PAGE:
Seattle – where Tech 42 went down – and Orlando, where SHRM’s huddled masses got their swag bags and saddle bags swollen by the largesse of vendors whose audience is anyone who has to buy stuff like corporate bereavement solutions or decide whether or not to have an AA chapter offered for employees – the back office Bettys who are the bane of the existence of frontline tech recruiters who thrive on innovation instead of red tape and compliance.
The interesting thing is, both are considered in the purview of HR, and at the places like Facebook or Google, where tech recruiting and OFCCP documentation must go hand in hand for the business to survive its strategic needs as well as an EEOC audit, both the people who care about stuff like what’s going to happen to their SPHR and those trained to weigh the relative value of a passive candidate’s codebase have to work together, even if their thought leadership is apart.
Having been among the handful of attendees at both events, here are 3 trends I see from two weeks of completely opposite analysis, interpretations, inputs and outcomes of the future of how we find work and how work finds us. They likely skew more heavily towards the Talent42 side than the SHRM talking points, but then again, I think there’s an obvious focus on driving innovation in tech recruiting vs. embracing the status quo in the HR back office that’s going to bias any forward looking forecast. The one trend I do see was one that wasn’t addressed by either, but seems to be the most slam dunk predication possible:
When I started in this business, it was pretty much an accepted fact that in corporate talent acquisition, at least (where I got my start as well as the focus of Talent42), recruiting was an HR function at its core. While companies might use different ATS and HCM systems, recruiting was no less a core specialty of talent management as employee development or succession planning – it was just another fiefdom within the realm of the average enterprise’s HR function, albeit one that demanded more budget and headcount than, say, the compensation team.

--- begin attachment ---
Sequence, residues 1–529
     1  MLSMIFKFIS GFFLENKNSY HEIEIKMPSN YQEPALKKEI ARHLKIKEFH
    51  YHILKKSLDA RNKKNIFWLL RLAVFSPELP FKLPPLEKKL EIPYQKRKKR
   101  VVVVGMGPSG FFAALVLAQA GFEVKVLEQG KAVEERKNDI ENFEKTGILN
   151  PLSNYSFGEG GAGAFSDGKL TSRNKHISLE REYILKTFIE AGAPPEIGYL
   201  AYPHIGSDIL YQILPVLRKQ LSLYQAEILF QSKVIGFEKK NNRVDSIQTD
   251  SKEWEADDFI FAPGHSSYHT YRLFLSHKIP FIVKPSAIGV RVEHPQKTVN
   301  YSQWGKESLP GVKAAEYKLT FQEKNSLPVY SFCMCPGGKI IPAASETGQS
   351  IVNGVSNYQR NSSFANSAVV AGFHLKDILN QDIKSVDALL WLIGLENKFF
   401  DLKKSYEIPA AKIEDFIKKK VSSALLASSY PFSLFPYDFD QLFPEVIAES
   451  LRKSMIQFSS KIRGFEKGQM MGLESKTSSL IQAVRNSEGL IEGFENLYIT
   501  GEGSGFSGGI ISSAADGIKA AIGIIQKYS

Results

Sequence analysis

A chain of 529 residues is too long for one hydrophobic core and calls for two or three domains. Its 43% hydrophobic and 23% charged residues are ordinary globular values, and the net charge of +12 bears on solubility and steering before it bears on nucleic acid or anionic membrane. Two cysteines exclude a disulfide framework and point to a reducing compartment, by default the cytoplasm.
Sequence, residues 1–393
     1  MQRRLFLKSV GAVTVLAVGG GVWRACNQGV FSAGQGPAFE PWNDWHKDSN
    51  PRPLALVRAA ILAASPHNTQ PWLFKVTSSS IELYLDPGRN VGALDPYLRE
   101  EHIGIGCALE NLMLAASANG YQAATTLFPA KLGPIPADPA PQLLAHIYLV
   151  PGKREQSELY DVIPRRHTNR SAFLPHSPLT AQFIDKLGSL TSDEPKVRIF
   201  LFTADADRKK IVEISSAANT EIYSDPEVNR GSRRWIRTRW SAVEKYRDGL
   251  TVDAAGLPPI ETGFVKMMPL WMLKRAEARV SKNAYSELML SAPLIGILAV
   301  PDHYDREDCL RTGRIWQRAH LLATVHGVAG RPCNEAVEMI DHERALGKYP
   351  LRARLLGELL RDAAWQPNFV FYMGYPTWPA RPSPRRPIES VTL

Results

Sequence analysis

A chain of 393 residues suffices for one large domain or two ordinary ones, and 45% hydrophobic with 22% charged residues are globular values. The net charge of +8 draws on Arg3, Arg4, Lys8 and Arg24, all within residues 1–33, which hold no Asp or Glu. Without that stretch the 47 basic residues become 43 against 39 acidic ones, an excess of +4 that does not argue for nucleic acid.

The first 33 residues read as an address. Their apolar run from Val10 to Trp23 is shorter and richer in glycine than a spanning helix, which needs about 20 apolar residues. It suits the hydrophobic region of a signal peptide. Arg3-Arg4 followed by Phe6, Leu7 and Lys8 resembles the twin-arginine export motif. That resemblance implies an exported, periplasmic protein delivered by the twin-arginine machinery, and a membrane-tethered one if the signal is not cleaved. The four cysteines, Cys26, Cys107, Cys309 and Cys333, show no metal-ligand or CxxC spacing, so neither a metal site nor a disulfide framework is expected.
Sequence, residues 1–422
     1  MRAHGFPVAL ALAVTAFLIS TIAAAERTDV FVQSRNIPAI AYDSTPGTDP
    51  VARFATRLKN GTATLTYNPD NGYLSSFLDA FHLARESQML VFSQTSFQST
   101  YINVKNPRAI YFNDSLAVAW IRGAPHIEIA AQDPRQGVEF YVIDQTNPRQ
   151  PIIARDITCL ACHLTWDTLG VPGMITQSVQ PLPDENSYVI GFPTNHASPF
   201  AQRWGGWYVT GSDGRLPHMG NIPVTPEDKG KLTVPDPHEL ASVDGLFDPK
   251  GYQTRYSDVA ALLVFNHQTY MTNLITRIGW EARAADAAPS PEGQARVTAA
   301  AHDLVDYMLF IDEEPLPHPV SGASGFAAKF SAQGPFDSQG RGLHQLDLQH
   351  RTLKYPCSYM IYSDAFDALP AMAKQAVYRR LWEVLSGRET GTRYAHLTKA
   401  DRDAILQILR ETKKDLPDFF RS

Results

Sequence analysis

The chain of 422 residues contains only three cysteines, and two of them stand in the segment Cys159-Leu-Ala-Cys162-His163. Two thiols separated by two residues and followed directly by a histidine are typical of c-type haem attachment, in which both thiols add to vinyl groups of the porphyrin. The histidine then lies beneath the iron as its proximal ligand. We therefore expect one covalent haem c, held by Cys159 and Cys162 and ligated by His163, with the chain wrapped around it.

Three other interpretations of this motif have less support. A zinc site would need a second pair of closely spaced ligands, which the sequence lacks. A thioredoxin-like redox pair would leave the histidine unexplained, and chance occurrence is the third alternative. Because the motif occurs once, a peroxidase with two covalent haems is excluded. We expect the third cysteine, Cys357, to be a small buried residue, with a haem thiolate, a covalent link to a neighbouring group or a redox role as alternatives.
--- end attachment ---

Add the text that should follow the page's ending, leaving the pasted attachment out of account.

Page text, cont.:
Now, most recruiting leaders I know – and certainly the overwhelming buzz at Talent42 – sees being identified with HR as an insult. The argument is whether it’s a sales, marketing, operations or supply chain function – all of which were proposed in various Talent42 keynote – but the one thing recruitment today definitively is not is human resources.
Good recruiters want to distance themselves from the average SPHR who cares about getting their CPEs in at SHRM for good reason: being associated with HR is, objectively, a business liability if you care more about maximizing opportunities than you do minimizing risk. HR, on the other hand, doesn’t sense – or at least, didn’t discuss at SHRM – that within the next few years (no more than 5, at the absolute most), recruiting will have moved outside of their purview. It will likely report to the CMO or COO, but could, like at many SMBs where hiring is a generalist’s responsibility , imaginably shift directly to the CFO, too. In many cases it has, and while it might not be reflected on the org charts generalists so often value, HR has already lost recruiting, whether they know it yet or not.
That’s bad news considering all the data I saw at SHRM about “attracting the right talent” and “recruiting and retaining future talent” that factors into leadership’s top concerns and chief sources of spend. HR needs recruiting, because it’s by far the biggest part of their budget – which is why it’s long been the sacrificial cow when their bureaucracy and incompetence get called into question by someone with P&L consolidation responsibilities. Recruiting is expensive, but it’s also the one where hiring managers and senior leaders actually play an active role, and business partnership, in the front line and strategic parts of the process. Remove this bridge, and HR’s business unit interaction becomes largely ER and performance management, slashing not only budgets but also the number of core functions that can’t be outsourced or offshored at competitive rates for similar results.
Recruiting may cost a lot, but without it, HR is the ultimate cost center. And it’s going to learn an important lesson about P&L – and business bottom line – the next time there’s a downturn. If that doesn’t happen, at least, most SHRM members aren’t all that far off from retirement. Which might explain why health care, succession planning and benefits topped the list of topics on the agenda – you’ve got to know this stuff when you’re already on the way out the door.